Nauplii and PL productions rely on reproductive efficacy of commercial lines
Increasing economic efficiency in aquaculture production systems relies on continuous improvement and the use of breeding programs. This is why most large shrimp hatcheries develop breeding programs oriented to increase growth traits, survival and/or disease resistance. However, in the long run, these programs increase inbreeding in the genetic nucleus populations of these hatcheries.
Inbreeding causes a reduction in genetic variation, compromises responses to selection in future generations and can end up depressing animal growth, survival and reproductive performance. Given the high shrimp prolificacy, breeding programs usually include a rather limited number of selected progenitors, which increases the likelihood of mating related animals.
Maricultura del Pacífico
The breeding program at Maricultura del Pacífico, the largest shrimp hatchery in Mexico, is designed to increase growth and survival, and is based on a two-stage selection program. The first stage is based on growth at 28 days of age and starts with 300 families. The second stage starts with the best 150 families and considers a selection index for growth at 130 days of age and survival from 70 to 130 days of age in four different growth environment ponds. The breeding program keeps strict control on the pedigree of every animal, which helps keep inbreeding in the genetic nucleus population at a minimum.
The hatchery started operations in 1998, and by 2009, its pedigree included 2,485 progenitors and more than 175,000 animals. In 2009, the inbreeding in the nucleus population was estimated as 3.1 percent. Maricultura del Pacífico also has a conservation line separated from the first one. This line is under selection as well, but its main objective is to serve as a future source of genetic variation.
The animal-breeding team is also doing applied research to improve and evaluate the breeding program in the hatchery. Studies are examining the use of genetic markers for parental assignation and to evaluate genetic changes associated with the breeding program. The potential effects of high inbreeding levels are under study, too, as well as ways to improve the current artificial insemination practices.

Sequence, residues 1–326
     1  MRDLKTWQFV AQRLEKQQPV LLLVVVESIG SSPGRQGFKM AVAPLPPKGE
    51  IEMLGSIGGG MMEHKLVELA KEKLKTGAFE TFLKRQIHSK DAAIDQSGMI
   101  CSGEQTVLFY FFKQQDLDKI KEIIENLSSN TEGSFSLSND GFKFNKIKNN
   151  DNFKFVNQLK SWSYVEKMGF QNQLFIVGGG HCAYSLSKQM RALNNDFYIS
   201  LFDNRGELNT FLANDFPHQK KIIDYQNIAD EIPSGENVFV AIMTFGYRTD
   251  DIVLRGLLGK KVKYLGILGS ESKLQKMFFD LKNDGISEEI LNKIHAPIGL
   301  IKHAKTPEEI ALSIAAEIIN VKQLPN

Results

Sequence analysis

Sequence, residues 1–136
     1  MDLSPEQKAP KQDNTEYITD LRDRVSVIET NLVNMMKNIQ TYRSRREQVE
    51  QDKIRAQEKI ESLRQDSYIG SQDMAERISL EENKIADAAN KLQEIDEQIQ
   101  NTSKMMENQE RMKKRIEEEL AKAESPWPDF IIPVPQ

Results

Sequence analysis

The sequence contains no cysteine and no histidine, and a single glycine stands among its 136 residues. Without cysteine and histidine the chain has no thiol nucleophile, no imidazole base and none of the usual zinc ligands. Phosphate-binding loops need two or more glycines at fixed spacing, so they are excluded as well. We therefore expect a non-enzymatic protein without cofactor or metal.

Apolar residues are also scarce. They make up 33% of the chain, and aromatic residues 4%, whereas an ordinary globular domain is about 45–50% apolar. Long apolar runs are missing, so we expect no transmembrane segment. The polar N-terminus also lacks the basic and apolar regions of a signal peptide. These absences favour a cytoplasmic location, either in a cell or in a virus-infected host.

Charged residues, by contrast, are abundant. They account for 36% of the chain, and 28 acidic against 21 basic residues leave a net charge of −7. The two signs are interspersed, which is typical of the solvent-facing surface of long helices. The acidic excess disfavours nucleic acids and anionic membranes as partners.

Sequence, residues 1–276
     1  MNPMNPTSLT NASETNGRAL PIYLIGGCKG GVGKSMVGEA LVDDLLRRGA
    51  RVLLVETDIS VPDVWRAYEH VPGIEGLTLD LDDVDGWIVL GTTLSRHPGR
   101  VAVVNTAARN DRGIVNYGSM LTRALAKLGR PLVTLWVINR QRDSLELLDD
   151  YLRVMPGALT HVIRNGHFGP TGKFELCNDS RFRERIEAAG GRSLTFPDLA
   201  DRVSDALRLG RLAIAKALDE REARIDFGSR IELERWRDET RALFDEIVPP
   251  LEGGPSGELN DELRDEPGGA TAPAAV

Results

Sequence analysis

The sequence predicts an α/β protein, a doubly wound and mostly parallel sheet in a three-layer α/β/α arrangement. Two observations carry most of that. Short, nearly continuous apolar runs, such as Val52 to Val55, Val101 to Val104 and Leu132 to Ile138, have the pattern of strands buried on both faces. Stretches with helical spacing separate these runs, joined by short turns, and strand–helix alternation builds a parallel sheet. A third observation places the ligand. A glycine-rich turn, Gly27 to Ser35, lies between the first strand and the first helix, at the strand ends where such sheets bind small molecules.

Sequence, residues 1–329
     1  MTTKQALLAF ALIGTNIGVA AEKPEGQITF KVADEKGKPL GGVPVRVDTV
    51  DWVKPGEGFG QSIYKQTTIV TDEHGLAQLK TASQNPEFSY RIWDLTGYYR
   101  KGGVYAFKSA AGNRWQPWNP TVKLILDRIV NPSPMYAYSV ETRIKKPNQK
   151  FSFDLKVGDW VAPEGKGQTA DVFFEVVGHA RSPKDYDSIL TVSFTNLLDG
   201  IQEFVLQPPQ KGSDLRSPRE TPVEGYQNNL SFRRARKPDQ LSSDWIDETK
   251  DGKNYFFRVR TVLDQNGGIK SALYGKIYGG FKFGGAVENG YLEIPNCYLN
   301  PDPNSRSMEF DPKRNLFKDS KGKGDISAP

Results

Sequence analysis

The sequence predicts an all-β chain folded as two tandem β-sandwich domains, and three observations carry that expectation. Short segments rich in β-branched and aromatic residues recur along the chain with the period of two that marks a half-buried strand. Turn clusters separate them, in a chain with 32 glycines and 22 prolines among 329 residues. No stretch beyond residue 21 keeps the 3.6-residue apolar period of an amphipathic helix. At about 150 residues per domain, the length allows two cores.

One of the research lines is being used to study the effects of inbreeding on growth, survival and reproduction. An experiment was performed to compare 16 high-inbred families with an inbreeding coefficient ranging from 25 to 33 percent against a control group of 70 families with an average inbreeding coefficient of 1.5 percent.
Preliminary results showed no adverse effects of inbreeding on body weight at 130 days of age, survival from 70 to 130 days of age and the number of eggs per spawn. However, the fertilization rate and number of nauplii yielded per high-inbred female were lower than those observed in the control line (Table 1).
Campos-Montes, Performance of inbred and non-inbred Pacific white shrimp, Table 1
|Group||Body Weight (g, 130 days)||Survival (%, 70-130 days)||Number of Eggs (1,000)||Number of Nauplii (1,000)||Fertilization (%)|
|Inbred||16.8 ± 2.8a||72.8 ± 10.1a||186.5 ± 91.0a||17.0 ± 27.4a||27.4 ± 14.9a|
|Control||16.3 ± 3.3a||69.4 ± 11.4a||193.2 ± 69.6a||43.0 ± 72.7b||72.7 ± 32.5b|
Although growth and survival did not seem to be affected within the range of the studied inbreeding levels, it is noteworthy that the shrimp under study grew only under one set of environmental condition. In the next stages of this experiment, inbred animals will be grown and evaluated under several of Mexico’s typical commercial farm conditions.
Although the negative effect observed on the reproductive traits does not affect shrimp farms in a direct manner, the fertility reduction observed in the inbreeding families is very important to shrimp hatcheries. The shrimp industry must be aware of the inbreeding consequences on reproductive traits, since their nauplii and postlarvae productions rely on the reproductive efficacy of their commercial lines.
(Editor’s Note: This article was originally published in the January/February 2011 print edition of the Global Aquaculture Advocate.)